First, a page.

FOREST ADMINISTRATION IN SOUTH ODISHA UNDER THE BRITISH RAJ (A.D. 1858-1947): A STUDY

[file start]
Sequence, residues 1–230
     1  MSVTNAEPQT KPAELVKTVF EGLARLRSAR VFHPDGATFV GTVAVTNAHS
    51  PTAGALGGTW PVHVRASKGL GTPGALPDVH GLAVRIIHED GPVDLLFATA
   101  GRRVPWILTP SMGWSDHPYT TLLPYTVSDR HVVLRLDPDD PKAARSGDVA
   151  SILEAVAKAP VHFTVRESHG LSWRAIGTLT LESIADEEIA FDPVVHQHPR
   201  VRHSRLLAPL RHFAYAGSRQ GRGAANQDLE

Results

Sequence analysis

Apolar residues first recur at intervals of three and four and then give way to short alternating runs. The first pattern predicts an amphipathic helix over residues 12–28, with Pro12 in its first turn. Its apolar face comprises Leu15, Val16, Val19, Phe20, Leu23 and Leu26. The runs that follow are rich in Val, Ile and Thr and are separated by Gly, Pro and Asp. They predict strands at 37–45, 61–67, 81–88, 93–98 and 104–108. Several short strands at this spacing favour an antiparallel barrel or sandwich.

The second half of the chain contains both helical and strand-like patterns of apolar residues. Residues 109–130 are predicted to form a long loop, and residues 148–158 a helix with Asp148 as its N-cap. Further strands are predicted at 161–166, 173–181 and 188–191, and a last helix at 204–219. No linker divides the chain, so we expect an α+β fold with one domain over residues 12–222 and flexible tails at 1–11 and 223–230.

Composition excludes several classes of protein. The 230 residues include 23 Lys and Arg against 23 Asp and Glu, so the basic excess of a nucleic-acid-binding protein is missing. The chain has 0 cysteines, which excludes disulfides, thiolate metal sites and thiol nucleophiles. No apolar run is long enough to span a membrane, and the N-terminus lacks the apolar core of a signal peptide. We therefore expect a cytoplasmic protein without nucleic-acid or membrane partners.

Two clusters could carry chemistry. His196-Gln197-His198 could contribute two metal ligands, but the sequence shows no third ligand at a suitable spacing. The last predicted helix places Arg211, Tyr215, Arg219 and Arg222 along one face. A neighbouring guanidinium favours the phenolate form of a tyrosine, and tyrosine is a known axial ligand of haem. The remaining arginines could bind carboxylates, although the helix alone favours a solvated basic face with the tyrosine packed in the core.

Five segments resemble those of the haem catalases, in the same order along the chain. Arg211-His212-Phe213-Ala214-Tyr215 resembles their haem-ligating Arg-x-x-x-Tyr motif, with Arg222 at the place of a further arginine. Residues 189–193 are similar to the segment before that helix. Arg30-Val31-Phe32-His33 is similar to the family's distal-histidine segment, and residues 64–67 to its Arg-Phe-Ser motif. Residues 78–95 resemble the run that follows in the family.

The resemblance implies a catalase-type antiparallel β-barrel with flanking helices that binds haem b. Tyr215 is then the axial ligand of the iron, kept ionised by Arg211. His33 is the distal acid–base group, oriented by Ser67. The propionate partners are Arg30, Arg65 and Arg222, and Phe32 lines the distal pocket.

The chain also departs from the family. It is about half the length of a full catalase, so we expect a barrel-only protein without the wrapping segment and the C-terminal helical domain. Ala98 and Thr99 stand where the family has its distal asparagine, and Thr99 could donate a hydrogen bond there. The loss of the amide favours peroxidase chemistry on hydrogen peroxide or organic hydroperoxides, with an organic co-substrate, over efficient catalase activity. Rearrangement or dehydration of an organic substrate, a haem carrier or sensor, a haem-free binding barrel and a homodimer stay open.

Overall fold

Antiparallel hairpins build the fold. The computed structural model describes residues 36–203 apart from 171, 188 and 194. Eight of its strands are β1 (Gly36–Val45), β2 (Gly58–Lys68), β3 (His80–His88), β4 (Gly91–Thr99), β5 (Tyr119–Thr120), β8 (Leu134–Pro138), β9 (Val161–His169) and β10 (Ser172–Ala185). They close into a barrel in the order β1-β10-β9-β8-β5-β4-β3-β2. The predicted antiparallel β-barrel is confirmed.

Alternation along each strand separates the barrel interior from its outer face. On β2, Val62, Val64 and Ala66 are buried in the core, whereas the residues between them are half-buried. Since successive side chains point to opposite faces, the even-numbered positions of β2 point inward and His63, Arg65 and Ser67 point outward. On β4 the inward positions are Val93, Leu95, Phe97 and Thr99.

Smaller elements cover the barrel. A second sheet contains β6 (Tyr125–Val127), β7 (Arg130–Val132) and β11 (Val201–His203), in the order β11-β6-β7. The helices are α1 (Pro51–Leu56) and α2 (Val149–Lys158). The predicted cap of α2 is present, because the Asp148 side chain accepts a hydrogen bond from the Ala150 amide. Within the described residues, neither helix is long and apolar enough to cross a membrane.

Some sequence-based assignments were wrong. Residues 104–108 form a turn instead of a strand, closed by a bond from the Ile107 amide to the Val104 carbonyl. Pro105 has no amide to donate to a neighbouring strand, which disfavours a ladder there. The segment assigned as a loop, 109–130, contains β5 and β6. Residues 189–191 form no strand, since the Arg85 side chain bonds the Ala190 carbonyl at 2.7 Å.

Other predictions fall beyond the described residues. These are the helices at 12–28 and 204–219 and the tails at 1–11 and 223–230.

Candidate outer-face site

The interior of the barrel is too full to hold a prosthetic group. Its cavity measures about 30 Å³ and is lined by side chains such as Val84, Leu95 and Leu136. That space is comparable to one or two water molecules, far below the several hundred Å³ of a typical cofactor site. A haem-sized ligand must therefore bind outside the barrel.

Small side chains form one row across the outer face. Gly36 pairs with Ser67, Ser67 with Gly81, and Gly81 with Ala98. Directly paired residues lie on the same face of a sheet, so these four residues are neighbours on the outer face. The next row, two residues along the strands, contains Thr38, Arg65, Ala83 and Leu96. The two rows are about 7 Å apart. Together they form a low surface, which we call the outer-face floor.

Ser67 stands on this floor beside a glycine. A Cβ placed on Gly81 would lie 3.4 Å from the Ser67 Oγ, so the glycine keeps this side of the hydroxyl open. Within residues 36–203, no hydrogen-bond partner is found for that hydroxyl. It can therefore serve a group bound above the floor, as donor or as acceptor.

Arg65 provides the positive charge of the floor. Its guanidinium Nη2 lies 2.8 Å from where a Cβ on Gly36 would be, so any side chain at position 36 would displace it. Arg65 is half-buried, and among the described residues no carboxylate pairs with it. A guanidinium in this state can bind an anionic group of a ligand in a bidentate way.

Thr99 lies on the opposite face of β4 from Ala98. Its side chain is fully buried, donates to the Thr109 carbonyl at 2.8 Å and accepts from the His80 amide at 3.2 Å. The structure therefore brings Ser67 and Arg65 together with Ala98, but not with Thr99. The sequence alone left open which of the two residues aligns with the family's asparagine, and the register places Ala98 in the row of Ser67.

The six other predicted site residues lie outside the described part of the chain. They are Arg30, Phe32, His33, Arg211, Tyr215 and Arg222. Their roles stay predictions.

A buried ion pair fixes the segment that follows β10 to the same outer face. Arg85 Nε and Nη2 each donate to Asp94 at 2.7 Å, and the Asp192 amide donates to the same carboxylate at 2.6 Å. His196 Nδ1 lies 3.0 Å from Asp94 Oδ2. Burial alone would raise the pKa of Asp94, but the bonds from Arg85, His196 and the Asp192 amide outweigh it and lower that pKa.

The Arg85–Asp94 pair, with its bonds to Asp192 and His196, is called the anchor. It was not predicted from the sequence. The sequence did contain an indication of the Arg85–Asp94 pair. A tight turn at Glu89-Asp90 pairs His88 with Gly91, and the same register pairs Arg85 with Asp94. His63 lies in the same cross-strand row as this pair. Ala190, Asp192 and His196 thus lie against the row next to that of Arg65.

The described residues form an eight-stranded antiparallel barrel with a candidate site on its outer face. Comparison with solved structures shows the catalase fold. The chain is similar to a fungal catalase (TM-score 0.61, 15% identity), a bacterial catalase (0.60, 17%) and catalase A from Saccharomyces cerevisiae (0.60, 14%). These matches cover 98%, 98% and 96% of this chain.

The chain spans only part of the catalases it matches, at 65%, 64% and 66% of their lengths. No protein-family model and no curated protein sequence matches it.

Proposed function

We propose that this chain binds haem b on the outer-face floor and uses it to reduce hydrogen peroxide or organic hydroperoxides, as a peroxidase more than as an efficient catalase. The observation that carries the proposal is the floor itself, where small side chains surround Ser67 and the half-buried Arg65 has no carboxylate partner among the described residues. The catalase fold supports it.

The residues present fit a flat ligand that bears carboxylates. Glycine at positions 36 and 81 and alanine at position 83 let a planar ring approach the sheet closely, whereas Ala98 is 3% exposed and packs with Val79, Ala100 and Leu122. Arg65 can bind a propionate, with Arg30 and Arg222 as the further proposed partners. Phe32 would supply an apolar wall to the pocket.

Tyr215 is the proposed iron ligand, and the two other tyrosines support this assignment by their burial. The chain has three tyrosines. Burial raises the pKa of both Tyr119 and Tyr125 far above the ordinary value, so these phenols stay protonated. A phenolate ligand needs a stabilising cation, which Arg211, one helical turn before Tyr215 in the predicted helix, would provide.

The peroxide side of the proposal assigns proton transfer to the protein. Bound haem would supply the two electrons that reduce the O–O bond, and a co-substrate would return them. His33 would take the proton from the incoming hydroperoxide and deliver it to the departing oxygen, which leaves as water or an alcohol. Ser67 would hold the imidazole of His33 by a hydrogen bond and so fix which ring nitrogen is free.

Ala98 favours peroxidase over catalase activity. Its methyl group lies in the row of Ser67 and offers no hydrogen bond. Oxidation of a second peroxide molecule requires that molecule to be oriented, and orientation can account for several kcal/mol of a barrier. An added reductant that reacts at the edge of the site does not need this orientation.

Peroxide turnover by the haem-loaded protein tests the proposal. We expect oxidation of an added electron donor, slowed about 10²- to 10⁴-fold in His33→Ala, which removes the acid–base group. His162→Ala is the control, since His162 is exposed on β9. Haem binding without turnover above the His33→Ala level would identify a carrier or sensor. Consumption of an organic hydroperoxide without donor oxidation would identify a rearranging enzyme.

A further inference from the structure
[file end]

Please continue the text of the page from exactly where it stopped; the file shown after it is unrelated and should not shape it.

The very word ‘administration’ may be defined as the system of management of affairs of a state by the government machinery, whether that holds the de-facto or the de-jure power to govern over it. In the contemporary terms of modern history its meaning is more akin to a set of duly enacted ‘law or statutes’ and its execution by some ‘officials’ or by ‘public institutions’ upon which the power, authorities and responsibilities have been vested. Different factors of administration analysed through this study in historical perspective are: the authority to legislate, the subject matter of legislation, the extent of administration limiting or expanding the rights naturally enjoyed by the inhabitants. Not all of those legislations made during British Raj were drafted to serve commercial or revenue interest of the Colonial Government but quite a majority were made to brought orders in the system of management of the natural resources. The demand of timber for laying the rail-roads which claimed to be responsible for reduction of aged timbers was a sine-qua-non for bringing the society out of the darkness of history and may not be denigrated as manifestation of the vested interest of the Colonial Government for exploitation of its resources. South Odisha which comprises the undivided Gañjam and Koraput districts was then under the administrative control of the Madras Presidency. The policy of systematic forest conservation began very slowly in the region. Form 1850 onwards, some forest officers were employed under the Collector of Gañjam to exploit the forests for sleepers and firewood. In 1861 a ‘forest tax’ was introduced and forests were begun to work under the ‘permit system’. Many forests were leased out to sleeper contractors who worked in an arbitrary manner. In 1879 the Conservator of Forests of Madras Presidency inspected the forests and classified them into four categories. After the passing of the Madras Forest Act 1882, it was implemented in the areas of south Odisha. As a conservation measure some areas were declared as reserved forest where the access of people to graze, cultivate or to fell trees was curtailed but their interests like collection of minor forest produces or the basic means of livelihood were often protected. Most of the unreserved forests were free from such encumbrances. Gradually the British became aware of the dangers associated with over exploitations of the forests, designed conservation measures. First of such measures was made in 1901 for ‘fire protection’ and the effort was later systematised in the form of ‘Working Plans’. After the creation of separate province of Odisha on the 1st day of April 1936 four divisions namely, Russellkonda, Chatrapur, Paralakhemundi and Balliguda were formed. Similarly, the forests of Koraput district which were once owned by the Maharaja of Jeypore were brought under the ambits of the MFA, 1882. After independence, the Orissa Preservation of Private Forests Act, 1947 was extended to many of the ex-zamindari estates. Although the MFA was ultimately repealed by the Orissa Forest Act, 1972 it is witnessed to have borrowed most of the fundamental features of the MFA.
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